Preachers have often imagined an anguished Abraham staggering toward Moriah as he leads his son to his death. But the biblical account contains no anguish, no heated arguments with Sarah (“Yahweh told you what?”), no teetering on the edge of faith. Abraham is every inch Kierkegaard’s “knight of faith,” the greatest of heroes because he expects the impossible, which is to say, resurrection. (See Kierkegaard’s meditations in Fear and Trembling, available online).


Abraham already knows resurrection. At his birth, Isaac rose from the dead earth of his aging parents (Rom. 4), and Abraham has every confidence that Yahweh will resurrect again. “We will worship and return to you,” he tells the two young men who accompany him. Abraham “considered that God is able to raise men even from the dead” (Heb. 11:19).

Moriah is later the temple mount (2 Chron. 3:1). Thus Abraham’s altar serves as prototype to Solomon’s, and Isaac’s “sacrifice” is the foundation of the sacrificial system. It points us to the substitutionary nature of sacrifice. As later in the Passover, a ram is slaughtered in place of a son (Gen. 22:13; cf. Exo. 12), and over the centuries the blood of bulls and goats is added to the blood of the ram slain for Isaac. In the latter days, Jesus is the Passover sacrificed for us, the Lamb of God who delivers Abraham’s seed by ascending to the altar. Suffering outside the camp, the new temple rises where he sheds his blood.

Isaac’s experience also shows that sacrifice is not only blood and slaughter, dismemberment and destruction. Like Isaac, all of Israel’s sacrificial victims are both slaughtered and raised up – “turned to smoke” is the phrase in Leviticus. As John shows, Jesus’ sacrifice on the cross exalts him as he returns to the Father.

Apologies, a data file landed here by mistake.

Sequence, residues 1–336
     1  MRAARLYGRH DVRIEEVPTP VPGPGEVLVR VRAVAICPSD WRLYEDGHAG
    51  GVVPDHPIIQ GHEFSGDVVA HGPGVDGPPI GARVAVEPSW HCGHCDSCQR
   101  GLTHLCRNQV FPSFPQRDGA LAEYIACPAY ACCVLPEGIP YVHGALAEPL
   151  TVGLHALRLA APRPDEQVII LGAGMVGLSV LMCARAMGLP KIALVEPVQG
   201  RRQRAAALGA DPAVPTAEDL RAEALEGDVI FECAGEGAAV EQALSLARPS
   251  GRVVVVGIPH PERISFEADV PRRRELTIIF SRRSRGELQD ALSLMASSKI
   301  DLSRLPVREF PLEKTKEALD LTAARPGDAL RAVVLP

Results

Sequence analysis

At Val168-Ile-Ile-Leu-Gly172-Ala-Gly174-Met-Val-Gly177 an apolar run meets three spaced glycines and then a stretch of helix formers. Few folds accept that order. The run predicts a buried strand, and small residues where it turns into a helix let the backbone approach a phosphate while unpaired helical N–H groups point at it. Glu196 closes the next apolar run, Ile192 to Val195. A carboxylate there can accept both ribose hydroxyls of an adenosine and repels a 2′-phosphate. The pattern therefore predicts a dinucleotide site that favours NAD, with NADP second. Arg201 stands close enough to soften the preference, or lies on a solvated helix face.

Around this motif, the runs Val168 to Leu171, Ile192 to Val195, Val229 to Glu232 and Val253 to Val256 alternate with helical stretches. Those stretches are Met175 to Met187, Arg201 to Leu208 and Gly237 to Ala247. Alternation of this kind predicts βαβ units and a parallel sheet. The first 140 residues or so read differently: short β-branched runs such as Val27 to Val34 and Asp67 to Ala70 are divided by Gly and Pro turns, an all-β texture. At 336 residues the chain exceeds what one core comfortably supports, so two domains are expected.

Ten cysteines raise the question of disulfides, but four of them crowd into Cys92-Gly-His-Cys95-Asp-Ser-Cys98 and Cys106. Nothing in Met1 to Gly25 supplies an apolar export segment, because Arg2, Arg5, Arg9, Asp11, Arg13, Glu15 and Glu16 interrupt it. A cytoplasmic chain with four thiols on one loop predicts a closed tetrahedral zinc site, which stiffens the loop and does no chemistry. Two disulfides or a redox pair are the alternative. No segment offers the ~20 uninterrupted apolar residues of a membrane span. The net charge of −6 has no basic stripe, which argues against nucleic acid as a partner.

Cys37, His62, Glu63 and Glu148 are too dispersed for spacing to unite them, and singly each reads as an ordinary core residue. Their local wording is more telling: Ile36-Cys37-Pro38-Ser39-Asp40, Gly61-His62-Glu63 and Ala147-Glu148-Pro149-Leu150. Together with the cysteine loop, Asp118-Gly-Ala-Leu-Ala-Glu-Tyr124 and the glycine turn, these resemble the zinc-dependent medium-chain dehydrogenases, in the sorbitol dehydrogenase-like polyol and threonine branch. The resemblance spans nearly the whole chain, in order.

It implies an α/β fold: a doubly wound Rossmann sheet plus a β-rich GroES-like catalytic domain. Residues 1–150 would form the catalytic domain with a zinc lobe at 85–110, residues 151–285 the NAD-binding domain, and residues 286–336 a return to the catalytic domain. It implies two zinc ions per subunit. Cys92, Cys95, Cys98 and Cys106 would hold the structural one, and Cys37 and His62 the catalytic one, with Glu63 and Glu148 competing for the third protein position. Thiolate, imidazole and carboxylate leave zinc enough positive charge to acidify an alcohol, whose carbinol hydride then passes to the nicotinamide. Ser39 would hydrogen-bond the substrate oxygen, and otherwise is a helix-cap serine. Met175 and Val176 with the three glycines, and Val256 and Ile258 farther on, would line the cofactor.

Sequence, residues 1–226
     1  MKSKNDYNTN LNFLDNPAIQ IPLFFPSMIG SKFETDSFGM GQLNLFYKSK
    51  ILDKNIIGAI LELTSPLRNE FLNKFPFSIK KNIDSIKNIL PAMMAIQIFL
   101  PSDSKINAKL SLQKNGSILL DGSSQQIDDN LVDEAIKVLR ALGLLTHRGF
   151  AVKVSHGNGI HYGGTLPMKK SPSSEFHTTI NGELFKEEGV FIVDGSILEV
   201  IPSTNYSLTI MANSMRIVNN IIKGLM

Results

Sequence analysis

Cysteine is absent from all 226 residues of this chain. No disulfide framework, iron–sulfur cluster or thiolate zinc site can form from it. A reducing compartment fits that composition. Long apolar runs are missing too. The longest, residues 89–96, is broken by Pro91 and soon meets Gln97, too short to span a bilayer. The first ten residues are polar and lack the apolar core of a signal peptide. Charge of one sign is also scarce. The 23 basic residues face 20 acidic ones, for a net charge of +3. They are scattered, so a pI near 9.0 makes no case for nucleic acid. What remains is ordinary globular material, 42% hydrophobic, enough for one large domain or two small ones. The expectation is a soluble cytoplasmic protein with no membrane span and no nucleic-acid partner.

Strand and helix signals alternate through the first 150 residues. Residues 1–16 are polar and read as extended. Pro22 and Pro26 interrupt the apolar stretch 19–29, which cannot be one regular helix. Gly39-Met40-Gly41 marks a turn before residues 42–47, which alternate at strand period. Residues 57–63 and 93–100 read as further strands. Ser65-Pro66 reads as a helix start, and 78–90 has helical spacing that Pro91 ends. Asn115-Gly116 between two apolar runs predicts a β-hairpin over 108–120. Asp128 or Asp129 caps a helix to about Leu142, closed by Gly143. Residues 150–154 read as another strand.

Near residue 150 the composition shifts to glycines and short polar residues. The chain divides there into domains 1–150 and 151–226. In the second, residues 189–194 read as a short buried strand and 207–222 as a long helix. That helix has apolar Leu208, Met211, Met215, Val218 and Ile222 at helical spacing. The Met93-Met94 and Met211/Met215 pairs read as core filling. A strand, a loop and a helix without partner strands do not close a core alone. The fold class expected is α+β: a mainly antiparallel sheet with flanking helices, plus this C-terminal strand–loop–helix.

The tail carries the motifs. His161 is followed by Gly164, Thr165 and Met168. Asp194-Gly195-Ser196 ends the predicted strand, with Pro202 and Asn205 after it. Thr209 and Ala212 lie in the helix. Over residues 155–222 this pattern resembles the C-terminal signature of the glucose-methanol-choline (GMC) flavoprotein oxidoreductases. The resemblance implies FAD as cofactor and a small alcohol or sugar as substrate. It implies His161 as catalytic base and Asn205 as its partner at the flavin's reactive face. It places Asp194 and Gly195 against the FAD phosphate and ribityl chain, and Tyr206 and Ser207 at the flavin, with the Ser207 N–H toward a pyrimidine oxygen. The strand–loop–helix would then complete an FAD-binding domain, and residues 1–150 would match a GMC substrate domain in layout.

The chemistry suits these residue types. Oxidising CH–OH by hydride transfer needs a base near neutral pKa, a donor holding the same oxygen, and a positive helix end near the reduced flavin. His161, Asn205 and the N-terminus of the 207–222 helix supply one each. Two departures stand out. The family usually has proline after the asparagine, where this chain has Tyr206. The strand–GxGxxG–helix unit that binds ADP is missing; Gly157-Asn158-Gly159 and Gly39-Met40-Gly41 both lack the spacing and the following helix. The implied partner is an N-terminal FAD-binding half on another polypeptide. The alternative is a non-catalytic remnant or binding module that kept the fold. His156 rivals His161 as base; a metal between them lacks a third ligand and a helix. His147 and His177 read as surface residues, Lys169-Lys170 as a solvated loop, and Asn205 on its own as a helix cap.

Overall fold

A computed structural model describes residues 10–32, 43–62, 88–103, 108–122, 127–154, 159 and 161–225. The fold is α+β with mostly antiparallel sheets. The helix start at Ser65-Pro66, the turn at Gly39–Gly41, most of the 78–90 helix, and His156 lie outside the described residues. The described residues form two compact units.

In Romans 6, Paul reminds the Romans that they participate in the entirety of Christ’s sacrifice, death, burial and resurrection. Paul believes in a future bodily resurrection (1 Cor. 15; and N. T. Wright’s Resurrection of the Son of God), but he also teaches that we live bodily resurrection now. Since we have died to sin, we are to present the “members of our bodies” as tools for God’s justice. After Moriah, the life Isaac lives in the body is a life on the far side of resurrection. Baptism is our Moriah.

Resurrection means freedom, but simultaneously brings slavery. Paul assumes that we are always slaves to something or someone. There is always a commanding voice to which we respond, and the only question is, Whose? We are liberated from being “under law,” but for Paul the alternative is not to be free from life “under” anything at all. The alternative is to be “under” grace.

According to James, Abraham is justified by his obedience in offering Isaac (2:21). His obedience is rewarded; instead of losing his son, he receives back a new Isaac. In his instructions to the Twelve, Jesus also promises rewards for obedience. Supporting the controversial Rabbi Jesus in the charged political climate of first-century Israel was risky, and Jesus promises a disciple’s reward to anyone who gives a disciple the minimal assistance of a cup of water.

Glowering like Jonah, we protest the inequity. How can someone who welcomes a prophet receive the same reward as the prophet? By what right is Abraham rewarded for offering Isaac? He gets Isaac back, so he doesn’t even lose anything! As always, it is not Jesus’ stinginess but his excessive generosity that offends us.

Peter J. Leithart

Peter J. Leithart teaches theology and literature at New St. Andrews in Moscow, Idaho. His most recent book is Solomon Among the Postmoderns (Brazos).

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